Be ready to feel a pang of disappointment when you find Thanksgiving with your family was more pleasant than iftar (meal to break the fast) at the masjid with your brothers and sisters in faith. Don’t, however, let this disenchant you from the deen or become harsh with them. You may have been privileged to grow up in a first world country and raised on its high standards. No one chooses the family and country into which they were born. Hone in on your strengths as a citizen and what positive things you can bring to the community, rather than letting it make you arrogant.

4- Be Merciful

Converts are surrounded on all sides by frustrating experiences. They have to deal with ignorance and intolerance from other faith based family and friends, and often have to deal with the same thing from the Muslim community. Add a few bad relationships or failed love stories in and you have a recipe for some serious bitterness.

Many times we get blind-sided by our negative emotions: fear, disappointment, anger, resentment, etc. We become intolerant of the shortcomings we see in others that we don’t find in ourselves.

As converts we are in a unique position of having a blended identity that gives us different perspectives, but whatever shortcomings we see in others we should remember that we have our own as well.

The Prophet (peace be upon him) truly had no shortcomings, and his trademark in dealing with ignorance was mercy. Instead of looking at others with distaste and judging them, we should feel sorry for them if they really have a problem and resolve to be good friends.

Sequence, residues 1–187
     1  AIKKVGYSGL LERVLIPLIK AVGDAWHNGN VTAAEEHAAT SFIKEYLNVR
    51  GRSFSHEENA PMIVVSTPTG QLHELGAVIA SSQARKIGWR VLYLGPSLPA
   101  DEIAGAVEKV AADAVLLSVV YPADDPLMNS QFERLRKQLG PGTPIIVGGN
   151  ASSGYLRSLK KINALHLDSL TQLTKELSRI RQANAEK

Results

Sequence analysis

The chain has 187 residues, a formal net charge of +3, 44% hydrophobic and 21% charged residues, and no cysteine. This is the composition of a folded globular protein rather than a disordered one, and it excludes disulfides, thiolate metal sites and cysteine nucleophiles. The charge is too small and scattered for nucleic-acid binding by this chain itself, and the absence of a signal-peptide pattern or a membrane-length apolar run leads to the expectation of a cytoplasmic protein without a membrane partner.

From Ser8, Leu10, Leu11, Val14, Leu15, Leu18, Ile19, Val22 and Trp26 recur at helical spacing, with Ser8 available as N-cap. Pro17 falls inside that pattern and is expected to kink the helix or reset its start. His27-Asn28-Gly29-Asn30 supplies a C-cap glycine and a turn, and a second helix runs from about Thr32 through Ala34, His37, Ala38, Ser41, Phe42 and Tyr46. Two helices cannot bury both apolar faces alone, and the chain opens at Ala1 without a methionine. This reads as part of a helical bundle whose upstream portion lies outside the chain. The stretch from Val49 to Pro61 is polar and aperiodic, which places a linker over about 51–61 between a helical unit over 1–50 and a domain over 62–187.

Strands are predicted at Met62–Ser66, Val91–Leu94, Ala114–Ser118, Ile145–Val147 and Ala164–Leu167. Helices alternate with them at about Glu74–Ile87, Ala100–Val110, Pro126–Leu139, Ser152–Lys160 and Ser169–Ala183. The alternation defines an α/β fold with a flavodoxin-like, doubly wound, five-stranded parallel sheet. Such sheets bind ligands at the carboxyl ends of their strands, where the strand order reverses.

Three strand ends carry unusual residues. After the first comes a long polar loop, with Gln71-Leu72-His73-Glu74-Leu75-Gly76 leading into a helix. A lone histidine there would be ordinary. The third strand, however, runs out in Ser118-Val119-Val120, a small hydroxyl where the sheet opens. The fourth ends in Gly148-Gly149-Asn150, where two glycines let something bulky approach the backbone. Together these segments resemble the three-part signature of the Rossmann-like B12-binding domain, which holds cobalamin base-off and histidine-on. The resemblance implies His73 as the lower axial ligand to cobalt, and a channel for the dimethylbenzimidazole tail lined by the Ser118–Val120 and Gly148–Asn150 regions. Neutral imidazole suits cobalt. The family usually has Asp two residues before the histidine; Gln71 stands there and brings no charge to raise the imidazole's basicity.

At no point should any person look at us, Muslim or not, and get the impression that we have our noses in the air. We should focus on keeping a soft heart towards everyone, because the real enemies of Islam are few and far between (though they may get the most traction) and we should always maintain a soft heart towards our Muslim brothers and sisters.

5- Being a Muslim Is Awesome, Becoming a Minority Is Difficult

Welcome to a world you may have never experienced before, the world of ‘the other’. This is the place of those who don’t hold an ‘entitlement’ card by virtue of their birth, a world of strange looks and racial slurs. This can be hard to grapple with initially since some of us were never raised to deal with it.

When you wear hijab you may notice that people aren’t as friendly to you as they once were; you see the change in demeanor that is provoked by your religious identity. It is not fair, and being raised on certain values that preach fairness and equality but never having really experienced racism yourself, you are in for a frustrating experience.

You will see the latent hypocrisy that exists in many aspects of our society, you will have a perfect image of our great nation shattered, you will experience double standards and security checks and anti-Muslim bigotry, but take heart in the fact that you will also experience the greatness of the human spirit and the people of your country. You will see that for every negative experience you have, you will have many more positive ones.